Dear Pope Francis,
Meredith’s very first letter was about fear and how it’s keeping young people away from the Church. While my struggle with fear doesn’t necessarily keep me away from Church, it can keep me from living my life.
When I get scared I make excuses; I call them “yes, but…” statements. For instance: “Yes, I could just tell a guy that I like him, but that could involve getting hurt”, or “yes I want to write regularly on a blog, but what if no one reads it?” Getting hurt is a legitimate fear, and so is people not appreciating your work. However, over the last few months, I have realized that at the root of my fear and excuses is my deepest fear: failure. I’m not exactly sure where this fear started; I’ve had it unconsciously for a long time.
Failure is not something I can completely eradicate. It will always be there, lurking in the corner, ready to pop out. It can cause overwhelming paralysis when I need to take a risk. But, as a friend pointed out recently, failure means that you’re living your life. Since I can’t get rid of failure, I need to redefine it. Instead of looking at failure in specific, limited instances, like a test or experimenting with a new recipe, I realized what the ultimate failure would be: to spend my life hiding and not really living it to the fullest. Put another way, I realized that ‘yes, but…’ statements rob me of the ability to live life to the fullest, and to not live life to the fullest is to fail.
Redefining failure as not living my life to the fullest has helped me to open up to a few more risks, like starting this blog with Meredith and working on some personal writing projects. It has also helped me to dream big about where life might take me after I finish my M.Div.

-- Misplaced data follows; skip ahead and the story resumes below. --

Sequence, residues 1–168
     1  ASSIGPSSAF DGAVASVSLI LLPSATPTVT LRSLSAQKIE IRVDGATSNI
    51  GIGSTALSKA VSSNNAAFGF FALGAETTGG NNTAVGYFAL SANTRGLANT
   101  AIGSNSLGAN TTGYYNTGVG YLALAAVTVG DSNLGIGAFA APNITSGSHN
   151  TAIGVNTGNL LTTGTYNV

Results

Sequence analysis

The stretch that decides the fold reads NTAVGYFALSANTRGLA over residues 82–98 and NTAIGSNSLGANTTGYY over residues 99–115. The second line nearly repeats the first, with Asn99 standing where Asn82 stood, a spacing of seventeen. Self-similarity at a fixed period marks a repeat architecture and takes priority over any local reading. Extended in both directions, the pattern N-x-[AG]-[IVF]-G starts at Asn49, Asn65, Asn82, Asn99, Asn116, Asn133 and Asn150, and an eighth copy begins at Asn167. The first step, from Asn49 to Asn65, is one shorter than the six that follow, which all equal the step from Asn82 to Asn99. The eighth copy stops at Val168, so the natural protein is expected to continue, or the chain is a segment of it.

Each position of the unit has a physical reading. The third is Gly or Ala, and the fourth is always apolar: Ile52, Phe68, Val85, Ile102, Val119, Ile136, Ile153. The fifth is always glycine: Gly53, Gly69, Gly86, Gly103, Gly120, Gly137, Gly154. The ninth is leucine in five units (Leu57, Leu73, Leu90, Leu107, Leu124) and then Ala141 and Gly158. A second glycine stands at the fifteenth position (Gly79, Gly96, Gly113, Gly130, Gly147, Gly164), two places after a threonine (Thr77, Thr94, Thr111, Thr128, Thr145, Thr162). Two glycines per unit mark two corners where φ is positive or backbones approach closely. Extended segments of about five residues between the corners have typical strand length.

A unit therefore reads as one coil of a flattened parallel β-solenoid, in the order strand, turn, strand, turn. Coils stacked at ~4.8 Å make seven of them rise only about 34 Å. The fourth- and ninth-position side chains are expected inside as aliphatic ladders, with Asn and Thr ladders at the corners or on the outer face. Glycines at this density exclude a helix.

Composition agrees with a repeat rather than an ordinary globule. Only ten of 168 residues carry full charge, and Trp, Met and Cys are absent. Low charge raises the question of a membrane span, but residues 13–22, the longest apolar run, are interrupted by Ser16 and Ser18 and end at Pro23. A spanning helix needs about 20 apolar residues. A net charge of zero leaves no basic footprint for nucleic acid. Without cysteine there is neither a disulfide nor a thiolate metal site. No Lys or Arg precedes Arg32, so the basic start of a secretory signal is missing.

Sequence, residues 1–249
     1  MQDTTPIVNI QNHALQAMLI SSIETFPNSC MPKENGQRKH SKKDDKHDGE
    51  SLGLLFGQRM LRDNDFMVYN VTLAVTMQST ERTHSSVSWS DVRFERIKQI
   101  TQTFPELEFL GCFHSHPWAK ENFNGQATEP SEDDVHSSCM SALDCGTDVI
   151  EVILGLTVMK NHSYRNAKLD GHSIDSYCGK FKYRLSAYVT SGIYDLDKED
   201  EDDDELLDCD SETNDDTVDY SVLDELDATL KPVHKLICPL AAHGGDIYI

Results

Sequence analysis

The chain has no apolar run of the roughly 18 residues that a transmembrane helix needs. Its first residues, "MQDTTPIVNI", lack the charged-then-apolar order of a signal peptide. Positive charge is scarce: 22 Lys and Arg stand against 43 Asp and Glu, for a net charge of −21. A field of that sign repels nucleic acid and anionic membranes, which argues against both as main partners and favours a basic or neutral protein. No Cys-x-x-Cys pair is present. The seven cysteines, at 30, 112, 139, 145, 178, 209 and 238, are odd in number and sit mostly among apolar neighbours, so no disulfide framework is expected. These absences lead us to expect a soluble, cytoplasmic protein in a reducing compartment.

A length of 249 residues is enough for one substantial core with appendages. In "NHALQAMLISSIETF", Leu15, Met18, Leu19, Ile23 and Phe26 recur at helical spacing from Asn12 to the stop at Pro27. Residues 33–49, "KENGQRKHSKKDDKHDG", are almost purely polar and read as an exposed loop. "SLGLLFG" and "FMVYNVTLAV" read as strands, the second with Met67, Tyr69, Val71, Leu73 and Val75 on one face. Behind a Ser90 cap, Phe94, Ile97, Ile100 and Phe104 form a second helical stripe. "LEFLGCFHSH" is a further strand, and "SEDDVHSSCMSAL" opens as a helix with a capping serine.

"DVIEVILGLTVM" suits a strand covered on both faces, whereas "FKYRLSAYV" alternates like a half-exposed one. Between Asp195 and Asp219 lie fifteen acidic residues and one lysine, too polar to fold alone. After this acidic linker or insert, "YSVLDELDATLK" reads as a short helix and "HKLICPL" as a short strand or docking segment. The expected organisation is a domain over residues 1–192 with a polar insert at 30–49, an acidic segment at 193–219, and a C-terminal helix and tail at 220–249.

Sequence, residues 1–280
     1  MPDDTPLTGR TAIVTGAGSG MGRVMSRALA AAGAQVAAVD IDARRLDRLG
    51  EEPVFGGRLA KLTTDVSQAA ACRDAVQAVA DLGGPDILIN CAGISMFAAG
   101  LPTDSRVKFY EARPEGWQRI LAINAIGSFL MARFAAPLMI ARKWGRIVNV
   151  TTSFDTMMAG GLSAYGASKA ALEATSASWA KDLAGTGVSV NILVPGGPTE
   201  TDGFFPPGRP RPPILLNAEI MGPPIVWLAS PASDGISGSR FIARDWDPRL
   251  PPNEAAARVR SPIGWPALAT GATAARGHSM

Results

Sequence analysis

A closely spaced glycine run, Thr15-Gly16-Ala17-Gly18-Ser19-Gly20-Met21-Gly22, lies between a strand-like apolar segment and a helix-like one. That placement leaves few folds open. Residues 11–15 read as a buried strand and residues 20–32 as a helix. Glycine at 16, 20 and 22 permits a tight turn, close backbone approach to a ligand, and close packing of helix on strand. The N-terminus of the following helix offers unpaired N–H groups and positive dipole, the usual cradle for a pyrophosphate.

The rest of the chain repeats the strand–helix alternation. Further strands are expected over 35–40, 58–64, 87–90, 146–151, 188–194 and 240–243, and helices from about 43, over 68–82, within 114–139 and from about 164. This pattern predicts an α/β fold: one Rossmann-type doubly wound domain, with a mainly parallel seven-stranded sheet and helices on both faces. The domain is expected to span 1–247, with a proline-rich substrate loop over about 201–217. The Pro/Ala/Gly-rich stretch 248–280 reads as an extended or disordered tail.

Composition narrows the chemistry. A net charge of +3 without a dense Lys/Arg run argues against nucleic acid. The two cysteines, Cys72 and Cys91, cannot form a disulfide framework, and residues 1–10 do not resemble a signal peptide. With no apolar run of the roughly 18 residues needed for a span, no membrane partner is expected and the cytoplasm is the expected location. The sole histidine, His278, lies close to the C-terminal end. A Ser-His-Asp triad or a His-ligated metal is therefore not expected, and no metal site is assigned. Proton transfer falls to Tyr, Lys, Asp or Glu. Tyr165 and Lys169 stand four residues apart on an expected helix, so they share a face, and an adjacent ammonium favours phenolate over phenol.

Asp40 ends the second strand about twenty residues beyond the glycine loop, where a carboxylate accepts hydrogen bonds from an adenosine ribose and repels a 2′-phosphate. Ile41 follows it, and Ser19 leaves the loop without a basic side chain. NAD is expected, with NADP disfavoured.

I also wonder if this is what you meant when you wrote about being fearless in Evangelii Gaudium (EG). You encouraged us to “embark on a new chapter of evangelization marked by … joy” (EG 1) and to be a Church that isn’t concerned with being at the centre, and instead focus on being in the streets, even if we might get “bruised, [hurt] or dirty” (EG 49). Your hope for the faithful is that we will be motivate not by a fear of going astray, but by a fear of being trapped “…within structures which give us a false sense of security…” (EG 49).
My ‘yes, but…’ statements are the structures that keep me trapped in my own head. They give me a false sense of security because they let me off the hook so I don’t have to do something that scares me. In reality, they are just keeping me trapped in my head, and unable to really engage with the world around me. I’m not getting bruised or hurt, but am I really living?
Instead of focusing on the possibility of getting hurt, I need to shift my thinking (which is easier said than done). I need to remember Peter walking on the water with Jesus. When he saw the stormy waves and began to doubt he began to sink, but Jesus caught him (Mat 14:22-33). When Jesus calls me out of the boat, out of my self, to get over my ‘yes, but…’ statements, I need to remember that he won’t let me sink. I think you put it best: “The Lord does not disappoint those who take this risk; whenever we take a step towards Jesus, we come to realize that he is already there, waiting for us with open arms” (EG 3). I don’t know exactly where Jesus is calling me, but I know that my ‘yes, but…’ statements get in the way of finding out.
Climbing awkwardly out of the boat,